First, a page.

Going from the RM to a KDX will be a pretty big change. Either KDX will feel tame compared to your RM. From what I've read an aftermarket pipe really wakes up a KDX. If you don't lie the abrupt MX style power of the RM then you will love the KDX. It will allow you to explore trails that would be pure misery of the high strung RM. Plus you will actully have some fuel range to do some epic rides.

When I bought my KDX I was a little concerned since it gets bagged by the mags for being a not so serious trail bike. But I found that is exactly what I wanted for my local riding area. My WR 250 was very fast and powerful but it had the wrong type of power for what I wanted to do. When I bought it (used) it came with a Moose flywheel already installed and a Pro-Circuit pipe. I put the stock pipe and silencer back on to try and smooth out the power but it didn't achieve what I wanted. The bike still didn't like to chug down low when I was slowly making my way through a gnarly trail. My KDX makes things much easier and now I find that I'm trying to take on even tighter & gnarlier trails. That type of riding is what is fun to me and the KDX is perfect.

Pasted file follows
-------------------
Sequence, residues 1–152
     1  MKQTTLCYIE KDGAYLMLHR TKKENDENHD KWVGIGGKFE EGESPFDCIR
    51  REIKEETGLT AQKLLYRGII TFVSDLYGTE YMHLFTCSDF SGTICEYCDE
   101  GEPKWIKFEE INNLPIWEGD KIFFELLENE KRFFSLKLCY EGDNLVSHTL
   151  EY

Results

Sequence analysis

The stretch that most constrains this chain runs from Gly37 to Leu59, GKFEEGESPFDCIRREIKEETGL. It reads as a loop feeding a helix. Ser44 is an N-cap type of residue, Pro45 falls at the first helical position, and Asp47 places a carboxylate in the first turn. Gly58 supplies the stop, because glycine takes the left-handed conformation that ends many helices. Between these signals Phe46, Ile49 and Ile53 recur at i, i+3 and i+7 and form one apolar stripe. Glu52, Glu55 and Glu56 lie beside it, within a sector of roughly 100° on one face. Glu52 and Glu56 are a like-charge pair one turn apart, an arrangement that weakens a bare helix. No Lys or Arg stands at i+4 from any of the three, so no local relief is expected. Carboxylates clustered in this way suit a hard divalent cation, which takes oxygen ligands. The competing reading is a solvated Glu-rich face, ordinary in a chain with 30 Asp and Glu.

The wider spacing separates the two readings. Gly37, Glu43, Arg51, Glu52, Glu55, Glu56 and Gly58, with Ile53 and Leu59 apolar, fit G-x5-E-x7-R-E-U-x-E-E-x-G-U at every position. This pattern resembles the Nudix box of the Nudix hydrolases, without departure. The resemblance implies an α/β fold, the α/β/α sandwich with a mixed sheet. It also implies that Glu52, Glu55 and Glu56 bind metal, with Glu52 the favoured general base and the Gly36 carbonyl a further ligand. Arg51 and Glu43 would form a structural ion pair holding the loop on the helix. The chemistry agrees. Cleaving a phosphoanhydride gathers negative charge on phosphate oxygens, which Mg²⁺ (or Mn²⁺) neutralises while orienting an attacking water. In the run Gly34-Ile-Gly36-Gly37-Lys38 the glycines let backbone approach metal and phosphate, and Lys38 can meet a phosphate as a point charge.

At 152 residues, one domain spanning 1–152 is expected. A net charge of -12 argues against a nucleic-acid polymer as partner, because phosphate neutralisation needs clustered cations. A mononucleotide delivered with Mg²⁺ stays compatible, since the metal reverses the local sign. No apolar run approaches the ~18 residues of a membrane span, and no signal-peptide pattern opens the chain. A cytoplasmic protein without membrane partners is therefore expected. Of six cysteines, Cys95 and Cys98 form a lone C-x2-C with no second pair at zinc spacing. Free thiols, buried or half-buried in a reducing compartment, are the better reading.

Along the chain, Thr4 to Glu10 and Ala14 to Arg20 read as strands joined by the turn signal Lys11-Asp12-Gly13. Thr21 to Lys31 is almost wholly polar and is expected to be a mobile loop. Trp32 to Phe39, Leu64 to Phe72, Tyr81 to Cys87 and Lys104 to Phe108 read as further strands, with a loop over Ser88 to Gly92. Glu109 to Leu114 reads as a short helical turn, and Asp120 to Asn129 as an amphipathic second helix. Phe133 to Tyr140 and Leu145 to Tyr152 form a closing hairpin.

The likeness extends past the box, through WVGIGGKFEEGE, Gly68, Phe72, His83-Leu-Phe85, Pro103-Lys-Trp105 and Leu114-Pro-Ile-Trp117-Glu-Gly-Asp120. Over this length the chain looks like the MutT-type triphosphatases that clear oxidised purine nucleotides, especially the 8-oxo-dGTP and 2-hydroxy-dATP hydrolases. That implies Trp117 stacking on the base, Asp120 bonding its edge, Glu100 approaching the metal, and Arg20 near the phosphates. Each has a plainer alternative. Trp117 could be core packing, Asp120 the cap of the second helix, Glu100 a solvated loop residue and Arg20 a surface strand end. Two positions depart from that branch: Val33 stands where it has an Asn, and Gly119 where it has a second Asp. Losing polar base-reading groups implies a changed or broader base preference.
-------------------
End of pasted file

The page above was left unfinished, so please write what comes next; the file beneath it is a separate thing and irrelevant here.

If I lived somewhere else like the desert and the riding was all wide open sand trails then my WR would have been a lot of fun. In that type of environment my KDX would feel underpowered and probably a little boring. Your conditions of groomed type dirt trails would work well with the KDX. Check out the Just KDX webpage. Canadian Dave put together a pretty good comparison of the 200 versus the 220.
 

MN KDXer

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#9
Some very good points raised for either side of the discussion. One thing to keep in mind, is that with some suspender and exhaust mods, the KDX will feel like a COMPLETELY different brand of bike. The bike can be impressive compared to the stocker. That's the good news. :)

Now t je bad: there is a danger in making all these improvements- it costs a good pile of money and the KDX will still be a lesser machine for the go-fast applications. Been there & done that. Be warned that you may end up with a quite large credit card statement if you get carried away with improvements